Monday, 29 June 2015

Sewing with friends


Yesterday I spent a wonderful day sewing with friends. As always it was a day full of laughter, great food and even a little sewing. Our very first sewing day was just over a year ago, but it feels like we've been getting together for so much longer. There's something about sewing with friends that means no conversational topic is taboo and we cover a lot of different topics, maybe that's why we feel like old friends! This year Julie had the brilliant idea to have our own little birthday club. In my last post I shared the (belated) gift I made Rachael. Today I'd like to share the gorgeous gifts that I received. Yes, my birthday is coming up!
 
Rachael made me the most amazing Liberty pillow using the Wheel of Fortune pattern from Jen Kingwell's new book Quilt Lovely. The background fabric is a beautiful linen/cotton blend.
 




 Julie made me this adorable pouch using Tessa's new zipper pouch tutorial (featuring Denyse Schmidt fabric), a stunning Liberty log cabin pin cushion and a Liberty wrapped wooden spoon.



My friends know me well! And they totally spoilt me! Next up is Deb's birthday so we'll be spending the next few weeks plotting a surprise for her.

Finally, just to prove that I did get a little sewing done, here's an update on the hand quilting on my Pack Patch mini. It's my go-to project for our sewing days, it's so easy to pack (especially when you have loads of books, produce, gifts and food to carry as well) and hand-stitching and chatting go perfectly together.

Sunday, 28 June 2015

Birthday Club Sewing

Last weekend I finally made a start on my overdue birthday swap item for Rachael. After weeks of indecision I decided to make a pouch. Thank goodness, with that decided, the decision making got easier!  I've been wanting to make a mini lone star pouch ever since Melissa (clothwork on Flickr) made this incredible one for me in our swap last year.


The lone star pattern is from the book Little Lone Star Quilts by Lorraine Olsen (the link is to the Kindle edition downloadable on Amazon, it's not an affiliate link). The book includes patterns for lone stars from 5" to 13", the smallest star uses 1/2" diamonds. The secret is a new-to-me technique for fold-and-sew paper piecing. The process is really clever and so much easier than I was expecting!.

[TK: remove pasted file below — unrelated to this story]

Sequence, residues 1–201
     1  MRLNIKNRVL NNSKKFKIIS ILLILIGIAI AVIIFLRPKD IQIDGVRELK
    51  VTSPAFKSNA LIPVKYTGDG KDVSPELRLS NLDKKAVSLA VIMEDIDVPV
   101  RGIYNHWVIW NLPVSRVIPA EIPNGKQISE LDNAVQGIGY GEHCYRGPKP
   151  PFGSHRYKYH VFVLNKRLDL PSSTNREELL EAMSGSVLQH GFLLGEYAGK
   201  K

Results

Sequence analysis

For the star I chose several Tokyo Train Ride fabrics, a Denyse Schmidt Hope Valley fabric and an Anna Maria Horner fabric for the centre. The background fabric is Moda Cross Weave in grey/black.

To finish the pouch I used Noodlehead's Open Wide Zippered Pouch Tutorial.  I'll be giving the pouch to Rachael at our sewing get together on Sunday, I'm crossing my fingers that she likes it.


This gift is the second finish from my Finish Along Second Quarter goals so I will be linking up to the Finish Along when it opens in July (eek, soon!!).

2015 FAL at On the Windy Side
 

Saturday, 20 June 2015

Quilt The Book [Progress #1]


 
Yesterday I listened to Carolyn Friedlander's Hand Work is Fun Webinar (which I loved!).  It got me thinking about the applique quilts in Denyse Schmidt Modern Quilts Traditional Inspiration and how, given how slow I'm likely to be, I really should make a start on them. So today I spent some time going through the fabric requirements for what looks to be the easiest of the five applique quilts, Floral Applique. I'm hoping that by starting with the easiest, I'll pick up the skills to tackle the harder ones (particularly the Hawaiian quilt, eek!). Thanks to the needle-turn applique class I took with Carolyn Friedlander at Quiltcon, I already have all the notions I need and most importantly, the confidence to make a start.